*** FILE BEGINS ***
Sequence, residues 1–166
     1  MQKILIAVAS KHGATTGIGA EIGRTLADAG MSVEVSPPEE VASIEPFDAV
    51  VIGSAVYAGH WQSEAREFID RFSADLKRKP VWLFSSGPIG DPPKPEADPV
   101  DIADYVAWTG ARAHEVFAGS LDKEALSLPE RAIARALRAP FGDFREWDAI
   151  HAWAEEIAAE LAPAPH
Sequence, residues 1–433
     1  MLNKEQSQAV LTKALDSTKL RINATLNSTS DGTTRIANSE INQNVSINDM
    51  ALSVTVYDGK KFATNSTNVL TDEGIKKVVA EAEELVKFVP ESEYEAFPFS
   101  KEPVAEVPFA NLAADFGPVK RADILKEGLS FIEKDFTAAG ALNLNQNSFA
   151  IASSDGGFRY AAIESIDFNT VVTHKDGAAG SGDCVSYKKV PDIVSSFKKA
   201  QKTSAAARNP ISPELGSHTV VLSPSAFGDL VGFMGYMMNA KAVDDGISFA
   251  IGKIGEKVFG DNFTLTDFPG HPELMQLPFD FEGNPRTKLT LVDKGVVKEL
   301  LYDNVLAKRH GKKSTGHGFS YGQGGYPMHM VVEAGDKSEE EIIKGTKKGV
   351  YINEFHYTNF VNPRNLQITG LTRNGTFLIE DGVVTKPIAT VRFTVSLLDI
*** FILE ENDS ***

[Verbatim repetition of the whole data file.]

Sequence, residues 1–166
     1  MQKILIAVAS KHGATTGIGA EIGRTLADAG MSVEVSPPEE VASIEPFDAV
    51  VIGSAVYAGH WQSEAREFID RFSADLKRKP VWLFSSGPIG DPPKPEADPV
   101  DIADYVAWTG ARAHEVFAGS LDKEALSLPE RAIARALRAP FGDFREWDAI
   151  HAWAEEIAAE LAPAPH
Sequence, residues 1–433
     1  MLNKEQSQAV LTKALDSTKL RINATLNSTS DGTTRIANSE INQNVSINDM
    51  ALSVTVYDGK KFATNSTNVL TDEGIKKVVA EAEELVKFVP ESEYEAFPFS
   101  KEPVAEVPFA NLAADFGPVK RADILKEGLS FIEKDFTAAG ALNLNQNSFA
   151  IASSDGGFRY AAIESIDFNT VVTHKDGAAG SGDCVSYKKV PDIVSSFKKA
   201  QKTSAAARNP ISPELGSHTV VLSPSAFGDL VGFMGYMMNA KAVDDGISFA
   251  IGKIGEKVFG DNFTLTDFPG HPELMQLPFD FEGNPRTKLT LVDKGVVKEL
   301  LYDNVLAKRH GKKSTGHGFS YGQGGYPMHM VVEAGDKSEE EIIKGTKKGV
   351  YINEFHYTNF VNPRNLQITG LTRNGTFLIE DGVVTKPIAT VRFTVSLLDI